Sign Language Interpreters

Many people have questions about sign language interpreters. Below is some basic information about sign language interpreters and how to work with one. More detailed information about sign language interpreters will be provided in future posts.

What does a sign language interpreter do?

• Allow more direct communication.
• Improve communication accuracy and avoid misunderstandings.
• Decrease frustrations.
• Raise the “comfort level” of those interacting.
• Facilitate more complete communication, so that both individuals feel free to ask questions and offer more in-depth explanations.
• Save time
• Make clear any non-verbal communication

How do you work with a sign language interpreter?

The interpreter makes communication possible between persons separated by different language modes. Listed below are some tips on how to work with an interpreter.

• First remember the interpreter’s role is to facilitate communication. It is inappropriate for you to address him/her directly.
• Maintain eye contact with the deaf person, not with the interpreter.
• Allow the interpreter to position themselves near you, this will allow the deaf person to watch the interpreter and your expressions as needed.
• Address the deaf person directly, avoid phrases such as, “ask her this…”, or “tell him to . . .” Talk through, not to, the interpreter.
• The interpreter is bound by a Code of Ethics which requires him/her to interpret everything communicated, whether it be signed or spoken. This includes any phone calls or comments you make in the deaf person’s presence. It is inappropriate for you to request the interpreter to keep anything from the deaf person
• In situations of a serious nature, the use of a deaf person’s close friend or family member as an interpreter is inappropriate.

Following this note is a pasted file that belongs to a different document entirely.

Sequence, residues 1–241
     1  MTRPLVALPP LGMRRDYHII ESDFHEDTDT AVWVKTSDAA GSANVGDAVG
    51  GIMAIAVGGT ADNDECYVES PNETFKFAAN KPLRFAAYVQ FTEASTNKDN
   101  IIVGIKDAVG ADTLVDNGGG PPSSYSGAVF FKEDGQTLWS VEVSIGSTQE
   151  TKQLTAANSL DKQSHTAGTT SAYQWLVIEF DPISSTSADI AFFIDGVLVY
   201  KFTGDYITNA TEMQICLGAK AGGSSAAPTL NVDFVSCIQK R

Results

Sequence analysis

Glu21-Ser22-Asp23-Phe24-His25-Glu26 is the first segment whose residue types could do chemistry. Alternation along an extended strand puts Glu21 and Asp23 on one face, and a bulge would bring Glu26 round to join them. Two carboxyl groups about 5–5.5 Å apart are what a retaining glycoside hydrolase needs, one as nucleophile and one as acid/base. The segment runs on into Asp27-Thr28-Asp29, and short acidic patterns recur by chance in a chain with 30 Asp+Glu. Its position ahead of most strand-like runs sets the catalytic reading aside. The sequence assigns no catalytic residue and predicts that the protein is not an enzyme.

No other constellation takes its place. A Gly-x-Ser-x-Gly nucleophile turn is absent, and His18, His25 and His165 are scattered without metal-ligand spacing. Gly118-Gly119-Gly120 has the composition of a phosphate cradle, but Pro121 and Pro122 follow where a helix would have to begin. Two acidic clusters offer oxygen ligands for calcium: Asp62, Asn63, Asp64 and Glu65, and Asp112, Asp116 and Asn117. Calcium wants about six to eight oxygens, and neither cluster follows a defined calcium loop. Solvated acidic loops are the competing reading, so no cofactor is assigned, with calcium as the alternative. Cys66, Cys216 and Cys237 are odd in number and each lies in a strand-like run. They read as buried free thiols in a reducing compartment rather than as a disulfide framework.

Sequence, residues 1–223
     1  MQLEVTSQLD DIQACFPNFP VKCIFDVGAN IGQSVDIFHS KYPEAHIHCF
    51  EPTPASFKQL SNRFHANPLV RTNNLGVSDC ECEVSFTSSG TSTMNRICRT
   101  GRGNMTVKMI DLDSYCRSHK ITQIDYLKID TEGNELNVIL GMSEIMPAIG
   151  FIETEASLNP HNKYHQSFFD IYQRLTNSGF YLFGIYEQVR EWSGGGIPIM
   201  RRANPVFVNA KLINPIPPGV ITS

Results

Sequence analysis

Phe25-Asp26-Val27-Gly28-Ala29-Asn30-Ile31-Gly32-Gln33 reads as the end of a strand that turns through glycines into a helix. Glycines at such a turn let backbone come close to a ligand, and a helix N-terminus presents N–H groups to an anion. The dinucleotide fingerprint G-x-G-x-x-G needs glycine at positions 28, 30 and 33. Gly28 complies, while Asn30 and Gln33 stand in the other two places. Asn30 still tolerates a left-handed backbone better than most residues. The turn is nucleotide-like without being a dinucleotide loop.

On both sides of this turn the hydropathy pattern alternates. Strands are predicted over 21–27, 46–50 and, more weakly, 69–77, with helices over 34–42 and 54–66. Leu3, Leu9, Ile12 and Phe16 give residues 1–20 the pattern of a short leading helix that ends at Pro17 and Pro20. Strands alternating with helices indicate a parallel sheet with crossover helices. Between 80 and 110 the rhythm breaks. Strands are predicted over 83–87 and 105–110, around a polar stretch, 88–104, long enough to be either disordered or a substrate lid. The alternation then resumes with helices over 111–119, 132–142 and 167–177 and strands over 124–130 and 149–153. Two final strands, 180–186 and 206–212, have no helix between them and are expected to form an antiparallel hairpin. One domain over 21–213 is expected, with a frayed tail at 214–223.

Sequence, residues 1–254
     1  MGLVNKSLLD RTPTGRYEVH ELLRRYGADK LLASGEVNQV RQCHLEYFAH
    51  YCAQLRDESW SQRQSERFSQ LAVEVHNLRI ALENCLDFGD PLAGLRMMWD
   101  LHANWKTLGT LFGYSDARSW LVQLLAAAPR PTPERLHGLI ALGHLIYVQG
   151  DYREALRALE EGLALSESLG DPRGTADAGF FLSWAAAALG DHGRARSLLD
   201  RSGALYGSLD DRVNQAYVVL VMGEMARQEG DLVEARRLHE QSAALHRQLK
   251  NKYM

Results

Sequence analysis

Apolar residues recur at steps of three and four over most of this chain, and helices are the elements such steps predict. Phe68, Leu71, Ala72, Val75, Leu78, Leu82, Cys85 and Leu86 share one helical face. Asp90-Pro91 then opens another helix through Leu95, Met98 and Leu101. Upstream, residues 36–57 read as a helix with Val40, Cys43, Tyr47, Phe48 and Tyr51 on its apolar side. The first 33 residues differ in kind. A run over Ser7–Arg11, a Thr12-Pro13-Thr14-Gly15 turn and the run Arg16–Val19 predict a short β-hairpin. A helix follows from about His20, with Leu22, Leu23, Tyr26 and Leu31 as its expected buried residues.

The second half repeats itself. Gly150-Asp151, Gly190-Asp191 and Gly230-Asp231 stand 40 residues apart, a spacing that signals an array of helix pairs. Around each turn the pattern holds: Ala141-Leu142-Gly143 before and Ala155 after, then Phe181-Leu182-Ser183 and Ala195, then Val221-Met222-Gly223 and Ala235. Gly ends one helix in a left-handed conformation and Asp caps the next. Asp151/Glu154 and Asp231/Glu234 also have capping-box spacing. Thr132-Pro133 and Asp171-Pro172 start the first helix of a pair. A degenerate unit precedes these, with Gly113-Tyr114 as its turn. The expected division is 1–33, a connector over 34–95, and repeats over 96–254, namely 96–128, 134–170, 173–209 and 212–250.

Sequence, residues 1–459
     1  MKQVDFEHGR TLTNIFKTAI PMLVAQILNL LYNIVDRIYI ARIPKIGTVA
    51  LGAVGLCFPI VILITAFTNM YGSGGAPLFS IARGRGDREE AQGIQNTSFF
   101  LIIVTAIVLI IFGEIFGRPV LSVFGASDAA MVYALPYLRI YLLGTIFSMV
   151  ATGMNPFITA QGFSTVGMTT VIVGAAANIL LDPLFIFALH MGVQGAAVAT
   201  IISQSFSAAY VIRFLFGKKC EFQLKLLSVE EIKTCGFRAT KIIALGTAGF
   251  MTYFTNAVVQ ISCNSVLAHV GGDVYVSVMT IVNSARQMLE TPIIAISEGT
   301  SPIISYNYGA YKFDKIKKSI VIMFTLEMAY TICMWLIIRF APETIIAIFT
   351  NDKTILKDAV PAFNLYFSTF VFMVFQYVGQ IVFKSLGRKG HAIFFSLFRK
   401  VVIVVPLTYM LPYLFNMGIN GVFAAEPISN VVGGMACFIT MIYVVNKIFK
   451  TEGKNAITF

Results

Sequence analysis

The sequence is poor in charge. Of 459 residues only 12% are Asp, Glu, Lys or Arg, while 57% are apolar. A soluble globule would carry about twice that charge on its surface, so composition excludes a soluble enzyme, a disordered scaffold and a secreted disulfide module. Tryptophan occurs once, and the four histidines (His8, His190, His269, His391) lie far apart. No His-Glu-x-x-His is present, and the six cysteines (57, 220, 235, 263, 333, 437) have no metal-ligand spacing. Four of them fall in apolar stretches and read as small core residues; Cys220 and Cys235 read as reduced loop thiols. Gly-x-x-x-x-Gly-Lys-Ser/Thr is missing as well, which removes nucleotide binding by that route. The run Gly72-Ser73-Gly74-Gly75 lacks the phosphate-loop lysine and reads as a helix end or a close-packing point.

About signsoflifeasl

Ashley and Taylor aim to bridge the gap between the Hearing World and the Deaf World by creating awareness of Deaf Culture and teaching sign language through written word as well as signed videos (captioned for the signing-impaired.) Using humor and fun, Ashley and Taylor hope to make learning a new language and culture a fantastic experience for everyone! Ashley is a deaf individual whose major is in Communication with a double emphasis in Public Relations and Organization Communication. She is a double minor in Psychology and Human Development. For Grad School, she plans to get her Masters degree in Social Work and hopes to advocate for deaf and hard of hearing individuals. Ashley is fluent in written and spoken English, as well as ASL and written German. She is the President of the Sign Language Club at her college. Taylor is a Hearing individual who is thinking about becoming a Special Education Teacher for young children. Her mother is an interpreter and Taylor has grown up learning about ASL and deaf culture, and is currently learning sign from both Ashley and her mother.
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1 Response to Sign Language Interpreters

  1. Pingback: When Will They Ever Learn… | deafinprison

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